One of the great benefits of being WFPB is the VARIETY of foods we eat! Literally we can eat something different every day of the year. But like many others, we can fall into a rut, eating the same things over and over again on a regular basis.
As a lifestyle medicine clinician, patients often ask me what is the ONE change they can make to improve their diet. While I always want them to eat a variety of fruits and vegetables, if there is one thing they can do, it would be to add more leafy greens into their diet. It’s no secret that greens are healthy but dark leafy greens are likely THE most nutrient dense foods on the planet. What do I mean by leafy greens? These are foods such as romaine lettuce, arugula, spinach, swiss chard, watercress, collard greens as well as, other cruciferous veggies like broccoli.
To call his presentation profoundly informative would be an understatement. Dr. Williams began with a plea to each of us to take the information he shares directly to our own healthcare providers. As he points out, “the leading cause of death among physicians, including cardiologists, is heart disease.” Even though there is considerable evidence in the scientific literature, physicians learn almost nothing about using nutrition to prevent or reverse illness in their medical training.
Americans love cheese! I know, this is not a shock, but in fact, Americans eat more than 33 pounds of cheese per person per year which is 3 times more than they did in 1970. It is not a coincidence that people are more obese than ever. Cheese is loaded with saturated fat, sodium, and cholesterol. When you look at the facts, it’s clear that cheese is pretty terrible for us. See below for 5 alarming facts about cheese and your health.
In the classic film, Raiders of the Lost Ark, Indiana Jones' ex-sweetheart Marion (played by Karen Allen) observes "You're not the man I knew ten years ago." Indy (Harrison Ford) replies with the great comeback, "It's not the years, honey. It's the mileage." At the risk of contradicting Dr. Jones, when it comes to our bodies, it's not only the mileage—it's the fuel that's being pumped into our "tanks." As any mechanic will tell you, powering a car with an improper fuel mix can cause its engine to run rough,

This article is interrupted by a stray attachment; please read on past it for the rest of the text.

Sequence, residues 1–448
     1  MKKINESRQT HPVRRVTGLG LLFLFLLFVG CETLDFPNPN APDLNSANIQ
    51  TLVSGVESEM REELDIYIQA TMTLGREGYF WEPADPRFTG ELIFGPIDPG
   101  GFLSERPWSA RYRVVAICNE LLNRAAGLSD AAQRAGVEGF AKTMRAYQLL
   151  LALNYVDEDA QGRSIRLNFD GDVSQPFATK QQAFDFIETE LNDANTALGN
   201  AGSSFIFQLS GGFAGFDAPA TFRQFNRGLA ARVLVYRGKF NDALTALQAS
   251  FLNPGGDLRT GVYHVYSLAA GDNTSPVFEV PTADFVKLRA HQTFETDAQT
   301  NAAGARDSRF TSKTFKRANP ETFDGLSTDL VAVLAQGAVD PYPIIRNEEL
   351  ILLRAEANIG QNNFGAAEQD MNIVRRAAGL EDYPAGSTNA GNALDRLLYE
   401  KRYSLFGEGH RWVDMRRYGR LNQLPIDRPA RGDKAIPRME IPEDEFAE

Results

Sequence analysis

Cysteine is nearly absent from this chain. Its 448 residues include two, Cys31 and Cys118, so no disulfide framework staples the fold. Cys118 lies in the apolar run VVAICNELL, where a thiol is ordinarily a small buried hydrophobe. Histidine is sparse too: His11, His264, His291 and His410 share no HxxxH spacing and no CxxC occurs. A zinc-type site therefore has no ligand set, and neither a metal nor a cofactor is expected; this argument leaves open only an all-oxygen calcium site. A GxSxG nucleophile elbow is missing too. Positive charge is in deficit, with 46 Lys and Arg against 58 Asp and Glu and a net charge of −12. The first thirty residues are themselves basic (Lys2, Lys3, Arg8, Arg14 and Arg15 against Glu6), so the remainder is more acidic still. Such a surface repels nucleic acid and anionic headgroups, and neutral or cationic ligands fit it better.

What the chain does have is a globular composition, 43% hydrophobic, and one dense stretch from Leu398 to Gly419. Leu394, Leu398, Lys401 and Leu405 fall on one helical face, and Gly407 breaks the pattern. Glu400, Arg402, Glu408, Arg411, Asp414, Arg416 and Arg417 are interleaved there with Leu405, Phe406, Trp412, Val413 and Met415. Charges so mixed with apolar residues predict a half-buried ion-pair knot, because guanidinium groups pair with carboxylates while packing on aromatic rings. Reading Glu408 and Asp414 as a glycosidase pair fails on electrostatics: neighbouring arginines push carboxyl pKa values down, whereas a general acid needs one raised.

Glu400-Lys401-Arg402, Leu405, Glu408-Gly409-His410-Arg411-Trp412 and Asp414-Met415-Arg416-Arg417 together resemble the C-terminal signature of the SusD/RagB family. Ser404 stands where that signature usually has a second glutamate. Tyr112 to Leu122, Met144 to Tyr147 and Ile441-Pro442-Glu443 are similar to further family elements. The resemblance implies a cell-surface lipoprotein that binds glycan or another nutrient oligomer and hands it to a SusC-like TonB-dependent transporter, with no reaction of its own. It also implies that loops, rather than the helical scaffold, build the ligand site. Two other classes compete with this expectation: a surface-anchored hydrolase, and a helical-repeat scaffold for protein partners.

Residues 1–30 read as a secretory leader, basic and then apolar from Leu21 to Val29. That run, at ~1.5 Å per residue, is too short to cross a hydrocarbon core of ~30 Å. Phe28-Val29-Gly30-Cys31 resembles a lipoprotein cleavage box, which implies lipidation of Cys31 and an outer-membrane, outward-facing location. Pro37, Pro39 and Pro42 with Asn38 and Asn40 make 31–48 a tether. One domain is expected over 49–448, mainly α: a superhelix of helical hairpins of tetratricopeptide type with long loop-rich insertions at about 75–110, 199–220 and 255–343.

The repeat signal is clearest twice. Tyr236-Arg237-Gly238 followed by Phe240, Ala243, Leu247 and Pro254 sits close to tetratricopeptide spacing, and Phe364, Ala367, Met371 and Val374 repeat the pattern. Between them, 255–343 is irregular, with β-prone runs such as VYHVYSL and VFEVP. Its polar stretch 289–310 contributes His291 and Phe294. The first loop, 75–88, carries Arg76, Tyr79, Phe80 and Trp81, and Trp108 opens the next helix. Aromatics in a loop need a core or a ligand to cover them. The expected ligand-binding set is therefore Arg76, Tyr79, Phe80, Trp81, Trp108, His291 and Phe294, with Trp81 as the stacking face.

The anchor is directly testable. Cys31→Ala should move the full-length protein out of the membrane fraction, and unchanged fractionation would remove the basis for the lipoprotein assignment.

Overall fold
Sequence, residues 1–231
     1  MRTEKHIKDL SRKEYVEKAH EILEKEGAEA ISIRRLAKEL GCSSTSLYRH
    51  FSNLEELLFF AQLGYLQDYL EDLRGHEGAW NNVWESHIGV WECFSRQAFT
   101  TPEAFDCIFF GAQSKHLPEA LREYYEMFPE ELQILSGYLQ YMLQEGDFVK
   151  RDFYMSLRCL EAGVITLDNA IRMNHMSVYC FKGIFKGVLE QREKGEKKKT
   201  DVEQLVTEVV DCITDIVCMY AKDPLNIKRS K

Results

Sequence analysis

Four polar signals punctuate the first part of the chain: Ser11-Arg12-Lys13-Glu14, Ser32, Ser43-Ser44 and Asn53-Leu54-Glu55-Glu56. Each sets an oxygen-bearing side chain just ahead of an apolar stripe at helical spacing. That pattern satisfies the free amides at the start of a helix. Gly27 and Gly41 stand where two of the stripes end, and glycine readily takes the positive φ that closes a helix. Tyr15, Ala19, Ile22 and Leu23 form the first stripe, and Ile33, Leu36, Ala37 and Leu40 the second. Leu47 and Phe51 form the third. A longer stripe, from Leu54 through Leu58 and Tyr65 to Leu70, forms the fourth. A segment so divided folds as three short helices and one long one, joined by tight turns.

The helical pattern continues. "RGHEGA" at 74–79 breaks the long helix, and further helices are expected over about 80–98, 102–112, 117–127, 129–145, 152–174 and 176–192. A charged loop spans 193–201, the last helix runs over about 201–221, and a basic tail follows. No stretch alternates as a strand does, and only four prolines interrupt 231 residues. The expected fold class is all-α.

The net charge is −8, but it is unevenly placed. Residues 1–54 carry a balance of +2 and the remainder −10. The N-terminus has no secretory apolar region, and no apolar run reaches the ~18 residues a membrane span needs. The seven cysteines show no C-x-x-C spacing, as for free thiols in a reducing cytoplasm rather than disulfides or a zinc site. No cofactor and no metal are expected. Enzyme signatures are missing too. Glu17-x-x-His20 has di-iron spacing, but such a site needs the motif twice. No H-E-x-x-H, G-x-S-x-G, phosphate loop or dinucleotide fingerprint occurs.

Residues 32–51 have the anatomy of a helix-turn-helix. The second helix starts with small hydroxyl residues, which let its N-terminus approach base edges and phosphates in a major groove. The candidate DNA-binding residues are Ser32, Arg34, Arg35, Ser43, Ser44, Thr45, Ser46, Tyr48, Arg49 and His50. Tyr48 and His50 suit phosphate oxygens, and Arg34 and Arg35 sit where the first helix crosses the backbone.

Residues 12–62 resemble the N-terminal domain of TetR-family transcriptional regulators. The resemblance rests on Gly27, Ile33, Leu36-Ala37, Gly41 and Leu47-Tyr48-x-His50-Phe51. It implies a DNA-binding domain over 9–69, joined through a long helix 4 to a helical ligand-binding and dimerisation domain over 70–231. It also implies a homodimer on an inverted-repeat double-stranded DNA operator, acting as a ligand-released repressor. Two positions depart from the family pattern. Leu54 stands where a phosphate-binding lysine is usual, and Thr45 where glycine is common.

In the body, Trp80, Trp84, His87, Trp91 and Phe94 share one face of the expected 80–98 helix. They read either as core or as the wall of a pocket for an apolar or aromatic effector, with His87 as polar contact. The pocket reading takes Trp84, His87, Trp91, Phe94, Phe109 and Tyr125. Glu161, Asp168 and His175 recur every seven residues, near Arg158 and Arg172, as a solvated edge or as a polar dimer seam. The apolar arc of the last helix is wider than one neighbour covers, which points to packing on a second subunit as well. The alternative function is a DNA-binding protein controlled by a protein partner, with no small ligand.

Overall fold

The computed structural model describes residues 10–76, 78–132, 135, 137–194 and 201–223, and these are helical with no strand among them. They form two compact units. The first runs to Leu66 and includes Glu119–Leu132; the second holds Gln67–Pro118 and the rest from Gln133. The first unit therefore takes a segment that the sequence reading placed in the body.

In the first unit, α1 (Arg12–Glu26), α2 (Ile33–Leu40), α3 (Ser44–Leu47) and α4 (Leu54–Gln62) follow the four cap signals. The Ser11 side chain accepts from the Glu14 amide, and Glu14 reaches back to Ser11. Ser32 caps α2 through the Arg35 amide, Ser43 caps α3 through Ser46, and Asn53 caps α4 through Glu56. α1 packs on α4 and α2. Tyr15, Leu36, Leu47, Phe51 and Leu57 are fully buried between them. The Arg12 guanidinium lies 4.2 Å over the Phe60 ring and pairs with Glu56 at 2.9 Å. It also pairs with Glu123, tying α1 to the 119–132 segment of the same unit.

Recently, I was hunting for a quick guide to a healthier lifestyle. I landed on this one, The Wellness Wheel, as described by Yale School of Medicine. The Wheel divides human health/wellness into eight dimensions. Each one of the dimensions is worthy of a lifetime of study. Notably, these facets of wellness mirror those promoted by the American College of Lifestyle Medicine.
Without a doubt, this is one of the most common (and frustrating) questions those on a plant-based diet often get. The average requirement for people is 42 grams of protein a day. Non-vegetarians get way more than they need, and so does everyone else. Thanks to a large study that compared the nutrient profiles of around 30,000 non-vegetarians to 20,000 vegetarians and around 5,000 vegans we now know that vegetarians and vegans get 70% more protein than they need every day (Greger, 2014; Rizzo et al., 2013).
Eating seasonal fruits and vegetables is a healthier choice. You can eat in-season by selecting food that is growing and being harvested locally at the same time you’re shopping. Eating in-season foods is a wise decision that helps you strengthen your health and save money. Consider these facts about seasonal produce: Eating in season adds variety to your diet. If you are open to trying new tastes, eating fresh, in-season foods exposes
The COVID 19 pandemic has been hard on so many of us. Frightening health outcomes, isolation, lockdowns, and measurable politico-socio-economic chaos make the headlines everywhere. Here is one feel good story that is a direct result of the pandemic. Let me introduce Miss Elizabeth Costello. We call her Aunt Betsy. At 83 years old, she has seen a lot and come a long way. This is her health story. Betsy was born in 1937, just after the Great Depression. She has lived in Wisconsin her whole life. Her father had a large garden, and Betsy grew up eating fresh vegetables every day. However, Wisconsin being “The Dairy State,” she was raised on lots of cow’s mi
It is summer in the northern hemisphere. The temperatures are hotter than usual, especially with climate change. So now, more than ever, we need to focus on drinking enough water. Water, H2O, is an essential nutrient. That means we cannot produce enough from our body processes to sustain ourselves. Furthermore, we can’t get enough just from eating solid food. We must drink enough water to meet our body’s needs. An easy way to know how much water you need daily is to take half your weight in pounds. That is the number of ounces you should drink every day. For example, a person weighing 200lbs should drink 100 ounces of water per day.